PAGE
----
In keeping with the success of recent practice, this year’s Institute on Culture and Society will be organized around a series of intensive reading groups. We continue to invite proposals for traditional paper/panel presentations (15 mins.), but strongly encourage proposals for roundtable presentations of 4-5 position papers (5-8 mins.), as well as proposals for reading sessions, each of approximately two hours, discussing particular works relevant to the question of the relationship between exploitation and exclusion in any register: from the philosophical (e.g. the problem of immanence and the standpoint of totality) to the historical (e.g. capitalism and the dynamic of national liberation) to the political (e.g. both indigenous and nativist struggles over land use) to the economic (e.g. the racial distribution of economic exclusion). Given the volume of reading expected of participants, reading proposals should be as focused as possible.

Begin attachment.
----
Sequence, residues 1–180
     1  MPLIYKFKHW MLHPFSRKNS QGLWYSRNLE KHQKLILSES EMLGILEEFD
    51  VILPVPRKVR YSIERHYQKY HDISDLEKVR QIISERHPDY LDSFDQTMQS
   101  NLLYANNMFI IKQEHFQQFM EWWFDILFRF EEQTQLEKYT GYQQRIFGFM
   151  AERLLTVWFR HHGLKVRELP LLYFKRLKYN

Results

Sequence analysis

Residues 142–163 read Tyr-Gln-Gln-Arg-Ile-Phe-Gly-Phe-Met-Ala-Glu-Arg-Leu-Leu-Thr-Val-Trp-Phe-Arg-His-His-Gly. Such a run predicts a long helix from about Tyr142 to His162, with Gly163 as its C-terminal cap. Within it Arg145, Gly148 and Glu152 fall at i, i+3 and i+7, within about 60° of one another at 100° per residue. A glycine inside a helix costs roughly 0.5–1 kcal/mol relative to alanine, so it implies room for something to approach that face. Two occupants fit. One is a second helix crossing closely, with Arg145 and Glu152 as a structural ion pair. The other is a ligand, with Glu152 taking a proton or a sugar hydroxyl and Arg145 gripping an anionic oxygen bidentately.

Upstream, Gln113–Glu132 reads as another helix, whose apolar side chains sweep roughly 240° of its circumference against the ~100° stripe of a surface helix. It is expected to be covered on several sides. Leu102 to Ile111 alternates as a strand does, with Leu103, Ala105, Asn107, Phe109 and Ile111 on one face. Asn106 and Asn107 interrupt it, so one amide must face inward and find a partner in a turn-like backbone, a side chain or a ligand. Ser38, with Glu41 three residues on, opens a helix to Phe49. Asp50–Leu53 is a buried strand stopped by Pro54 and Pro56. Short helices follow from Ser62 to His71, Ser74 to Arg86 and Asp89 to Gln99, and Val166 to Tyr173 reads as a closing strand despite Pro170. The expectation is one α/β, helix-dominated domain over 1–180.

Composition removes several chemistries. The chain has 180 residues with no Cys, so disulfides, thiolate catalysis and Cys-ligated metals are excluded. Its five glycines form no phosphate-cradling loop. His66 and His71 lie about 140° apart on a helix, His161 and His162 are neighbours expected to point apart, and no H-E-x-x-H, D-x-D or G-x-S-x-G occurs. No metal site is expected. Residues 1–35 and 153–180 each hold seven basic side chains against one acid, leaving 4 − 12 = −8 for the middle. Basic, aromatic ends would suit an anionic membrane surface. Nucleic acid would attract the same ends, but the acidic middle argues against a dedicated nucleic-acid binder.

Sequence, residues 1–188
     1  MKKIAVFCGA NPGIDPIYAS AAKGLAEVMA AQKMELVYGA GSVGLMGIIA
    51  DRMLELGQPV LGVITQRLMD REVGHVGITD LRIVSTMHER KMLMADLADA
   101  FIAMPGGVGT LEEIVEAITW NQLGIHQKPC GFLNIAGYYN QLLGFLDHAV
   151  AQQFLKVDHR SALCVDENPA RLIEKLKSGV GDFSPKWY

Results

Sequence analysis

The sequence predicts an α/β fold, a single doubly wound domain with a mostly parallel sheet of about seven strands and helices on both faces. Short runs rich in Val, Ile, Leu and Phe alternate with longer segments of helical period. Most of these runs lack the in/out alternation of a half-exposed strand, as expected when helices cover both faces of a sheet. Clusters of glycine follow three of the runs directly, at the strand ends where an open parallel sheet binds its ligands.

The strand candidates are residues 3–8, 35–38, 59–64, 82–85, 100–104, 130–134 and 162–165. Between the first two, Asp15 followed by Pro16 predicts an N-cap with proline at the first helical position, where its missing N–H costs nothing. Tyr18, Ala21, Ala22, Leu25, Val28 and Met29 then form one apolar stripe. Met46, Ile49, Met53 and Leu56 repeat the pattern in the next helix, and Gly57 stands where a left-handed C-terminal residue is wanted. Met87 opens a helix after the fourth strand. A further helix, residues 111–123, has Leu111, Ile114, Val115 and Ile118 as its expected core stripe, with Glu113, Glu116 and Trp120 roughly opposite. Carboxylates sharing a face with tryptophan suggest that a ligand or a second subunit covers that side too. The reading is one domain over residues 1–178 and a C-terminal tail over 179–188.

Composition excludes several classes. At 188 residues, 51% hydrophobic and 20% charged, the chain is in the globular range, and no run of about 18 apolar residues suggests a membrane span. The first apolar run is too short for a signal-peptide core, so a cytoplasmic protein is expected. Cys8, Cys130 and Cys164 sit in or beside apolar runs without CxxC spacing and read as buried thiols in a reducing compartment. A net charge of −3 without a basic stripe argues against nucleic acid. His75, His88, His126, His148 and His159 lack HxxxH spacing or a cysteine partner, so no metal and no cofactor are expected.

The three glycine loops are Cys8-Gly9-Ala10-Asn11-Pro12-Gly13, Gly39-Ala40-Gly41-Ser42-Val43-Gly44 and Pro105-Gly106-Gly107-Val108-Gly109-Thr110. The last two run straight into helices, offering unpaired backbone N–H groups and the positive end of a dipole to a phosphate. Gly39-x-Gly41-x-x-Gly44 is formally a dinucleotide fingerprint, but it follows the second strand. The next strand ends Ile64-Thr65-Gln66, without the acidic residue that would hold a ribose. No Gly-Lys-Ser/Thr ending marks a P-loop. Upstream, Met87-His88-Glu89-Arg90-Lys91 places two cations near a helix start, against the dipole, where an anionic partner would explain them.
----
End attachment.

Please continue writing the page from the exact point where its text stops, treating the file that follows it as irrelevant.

As always we are interested in proposals that address this year's theme, but will also consider proposals on any topic that bears substantially on issues relevant to Marxist theory and practice, from Heraclitus and the dialectic to race and capital accumulation. As the due date for paper proposals has now passed, please send us an e-mail if you intend to participate without presenting to Registration is available here and on site at the conference. This event will take place at Concordia University at the Sir George Williams Campus, (Hall Building) 1455 De Maisonneuve Blvd. W., Montreal, Quebec, Canada, H3G 1M8.





*Please contact for any questions, comments or changes to be made to the reading list.